Women also need testosterone for similar reasons, including well-being, libido, sexual functions, mood, self-confidence, memory, muscle and bone strength, nipple and clitoral sensitivity and decreased body fat.

Optimal Levels Of Testosterone

The optimal male blood free testosterone range is 461-740 pmol/L

The borderline male range is 260 – 460 pmol/L

An unacceptable male level is < 260 pmol/L

Normal male saliva testosterone level 127-371 pmol/L

The optimal female blood free testosterone range is 18 – 34 pmol/L.

The borderline female range is 10 – 17 pmol/L

An unacceptable female level is < 10 pmol/L

Normal female saliva testosterone level 24-137 pmol/L

How To Boost/Optimise Your Testosterone

Testosterone production can be increased by nutrients, herbs and medications.

Testosterone replacement therapy can be accomplished using a daily skin cream, or by weekly, monthly or three-monthly injections, or by subcutaneous pellets inserted each four to six months.

This is decided by your medical practitioner, preferably one with and integrative background.

Testosterone supplementation/replacement can also help control blood pressure, blood sugar and anaemia, so medications for these illnesses may need to be reduced.

There are a number of natural ways to boost your testosterone.

Dietary fat is a key player when it comes to optimising natural testosterone production, however, keep in mind that you still have to be careful of the type of fat that you are eating.

Extra virgin olive oil, avocado, nuts and seeds, coconut oil, egg yolks, natural peanut butter are all great examples of the healthy fats that you could consider adding into your diet.

L-carnitine, selenium and zinc are important nutrients for male reproductive health with low levels associated with suboptimal sperm health.

It has been shown that males with a low sperm count typically have lower seminal fluid carnitine levels. Studies have shown that supplementation with these nutrients has resulted in improved quality, motility and viability of normal healthy sperm.

Vitamin D is also paramount for the health of testosterone. Men with higher levels of vitamin D have significantly higher levels of free testosterone compared to those with insufficient levels of Vitamin D.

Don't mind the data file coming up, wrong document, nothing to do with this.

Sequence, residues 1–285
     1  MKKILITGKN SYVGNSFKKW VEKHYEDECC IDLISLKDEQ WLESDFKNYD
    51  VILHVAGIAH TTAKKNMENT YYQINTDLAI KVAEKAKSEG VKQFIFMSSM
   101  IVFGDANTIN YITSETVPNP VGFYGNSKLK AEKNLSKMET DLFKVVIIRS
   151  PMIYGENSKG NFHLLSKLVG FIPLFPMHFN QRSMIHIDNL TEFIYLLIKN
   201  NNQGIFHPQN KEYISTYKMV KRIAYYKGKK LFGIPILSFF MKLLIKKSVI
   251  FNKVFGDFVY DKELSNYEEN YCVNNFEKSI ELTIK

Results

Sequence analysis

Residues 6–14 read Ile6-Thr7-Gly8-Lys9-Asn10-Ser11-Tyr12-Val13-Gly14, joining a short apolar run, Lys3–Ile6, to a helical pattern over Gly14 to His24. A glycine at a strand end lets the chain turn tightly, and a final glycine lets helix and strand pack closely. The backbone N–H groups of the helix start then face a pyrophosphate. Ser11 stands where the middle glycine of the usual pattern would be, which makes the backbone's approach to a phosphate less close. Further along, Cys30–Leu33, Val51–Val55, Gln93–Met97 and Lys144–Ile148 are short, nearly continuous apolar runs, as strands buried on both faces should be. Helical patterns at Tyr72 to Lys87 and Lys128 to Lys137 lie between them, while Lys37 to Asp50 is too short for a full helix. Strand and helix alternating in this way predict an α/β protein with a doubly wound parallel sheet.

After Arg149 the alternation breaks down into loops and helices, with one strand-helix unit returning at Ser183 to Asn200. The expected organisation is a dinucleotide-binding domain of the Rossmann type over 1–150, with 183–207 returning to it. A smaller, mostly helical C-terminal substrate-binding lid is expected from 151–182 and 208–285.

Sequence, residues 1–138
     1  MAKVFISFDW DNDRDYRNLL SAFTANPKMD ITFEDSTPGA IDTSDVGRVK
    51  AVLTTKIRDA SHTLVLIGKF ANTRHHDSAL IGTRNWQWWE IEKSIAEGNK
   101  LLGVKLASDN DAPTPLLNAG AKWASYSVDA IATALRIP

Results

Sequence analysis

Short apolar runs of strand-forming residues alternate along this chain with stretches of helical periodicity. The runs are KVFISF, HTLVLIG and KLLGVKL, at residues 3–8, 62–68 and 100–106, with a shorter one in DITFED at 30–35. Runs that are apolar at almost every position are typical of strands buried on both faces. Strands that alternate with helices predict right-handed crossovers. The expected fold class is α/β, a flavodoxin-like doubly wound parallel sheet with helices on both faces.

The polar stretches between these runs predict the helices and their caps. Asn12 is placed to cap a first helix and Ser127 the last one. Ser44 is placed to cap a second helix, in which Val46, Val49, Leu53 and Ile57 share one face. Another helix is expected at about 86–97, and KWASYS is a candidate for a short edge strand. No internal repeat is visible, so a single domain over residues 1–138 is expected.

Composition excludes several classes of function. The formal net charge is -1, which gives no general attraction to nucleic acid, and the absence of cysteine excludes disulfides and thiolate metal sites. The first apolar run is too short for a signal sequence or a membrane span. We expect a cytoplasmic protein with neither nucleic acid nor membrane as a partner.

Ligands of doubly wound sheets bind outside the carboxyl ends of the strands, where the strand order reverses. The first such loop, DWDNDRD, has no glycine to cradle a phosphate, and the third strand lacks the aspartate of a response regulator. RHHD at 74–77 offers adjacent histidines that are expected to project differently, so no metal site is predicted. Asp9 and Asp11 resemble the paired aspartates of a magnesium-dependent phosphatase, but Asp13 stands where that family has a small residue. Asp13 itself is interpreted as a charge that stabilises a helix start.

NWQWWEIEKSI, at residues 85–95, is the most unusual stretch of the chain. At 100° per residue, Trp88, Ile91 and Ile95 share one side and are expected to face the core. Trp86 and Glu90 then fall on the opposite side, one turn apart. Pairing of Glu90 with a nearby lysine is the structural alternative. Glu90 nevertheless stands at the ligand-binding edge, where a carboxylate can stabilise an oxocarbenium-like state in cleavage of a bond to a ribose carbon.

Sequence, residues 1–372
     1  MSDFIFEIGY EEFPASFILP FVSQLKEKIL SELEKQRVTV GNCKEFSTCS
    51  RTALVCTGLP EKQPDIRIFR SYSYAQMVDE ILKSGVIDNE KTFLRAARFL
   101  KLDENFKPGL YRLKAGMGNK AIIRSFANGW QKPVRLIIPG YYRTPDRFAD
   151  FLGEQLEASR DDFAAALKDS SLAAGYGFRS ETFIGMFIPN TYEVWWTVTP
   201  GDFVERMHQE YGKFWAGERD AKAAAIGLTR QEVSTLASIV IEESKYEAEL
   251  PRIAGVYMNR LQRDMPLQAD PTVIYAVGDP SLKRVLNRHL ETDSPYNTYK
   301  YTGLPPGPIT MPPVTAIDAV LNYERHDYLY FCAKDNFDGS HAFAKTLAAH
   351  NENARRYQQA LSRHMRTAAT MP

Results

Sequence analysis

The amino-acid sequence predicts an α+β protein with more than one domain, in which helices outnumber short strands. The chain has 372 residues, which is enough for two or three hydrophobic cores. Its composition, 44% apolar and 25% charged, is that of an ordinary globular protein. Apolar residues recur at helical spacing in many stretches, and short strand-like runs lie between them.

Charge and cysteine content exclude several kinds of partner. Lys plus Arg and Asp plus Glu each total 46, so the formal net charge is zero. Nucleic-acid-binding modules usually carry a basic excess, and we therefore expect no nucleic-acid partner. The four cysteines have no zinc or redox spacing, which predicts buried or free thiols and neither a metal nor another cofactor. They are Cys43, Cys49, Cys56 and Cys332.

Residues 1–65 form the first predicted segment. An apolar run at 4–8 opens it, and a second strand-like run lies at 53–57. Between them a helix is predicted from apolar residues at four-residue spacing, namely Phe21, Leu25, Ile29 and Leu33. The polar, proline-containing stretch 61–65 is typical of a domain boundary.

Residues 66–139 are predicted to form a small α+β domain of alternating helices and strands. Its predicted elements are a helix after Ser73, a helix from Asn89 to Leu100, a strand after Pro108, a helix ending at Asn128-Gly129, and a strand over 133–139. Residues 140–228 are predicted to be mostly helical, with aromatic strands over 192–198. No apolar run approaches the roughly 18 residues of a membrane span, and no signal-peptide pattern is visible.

Bulgarian tribulus (Tribulus terrestris) is used in traditional Ayurvedic medicine as an aphrodisiac and male rejuvenation tonic for virility. Studies have shown that the steroidal saponin content in tribulus is the most important when it comes to its effects on libido and sexual function.

Other ways of boosting your testosterone is through high intensity interval training (HIIT) training, strength training, getting enough quality sleep, eliminating sugar from your diet, reducing stress and losing weight.

Also consider consulting your healthcare practitioner for strategies on how to get your testosterone strong again. Your practitioner should be able to direct you to the right testing, foods, supplements, sleep, stress and workout strategies which will help.

You can find much more information on living a holistic lifestyle in these free magazines and on our YouTube channel.

Robbie Clark

Robbie is a Sydney-based Accredited Practicing Dietitian and Sports Nutritionist who graduated with a Bachelor of Exercise Science and Nutrition and a Masters in Nutrition and Dietetics. He has over 15 years’ experience in the health and fitness industry.

Robbie has already had a diverse career in nutrition working in the areas of clinical and community dietetics and health, corporate health and private practice. He combines his clinical skills with a functional and integrative approach to treating his clients for best results. He is a men’s and women’s health expert and is regularly featured in the media. Robbie’s other expertise cover fat loss and muscle gain, cardiovascular disease, gastrointestinal disorders, food intolerance, diabetes, metabolic issues, hormone balance and fertility, and sports nutrition.

Robbie’s three key strengths are: achieving optimal health for his clients through an all-encompassing integrative approach to health, his diverse work in different areas of health, as well as interpreting and communicating nutritional science information.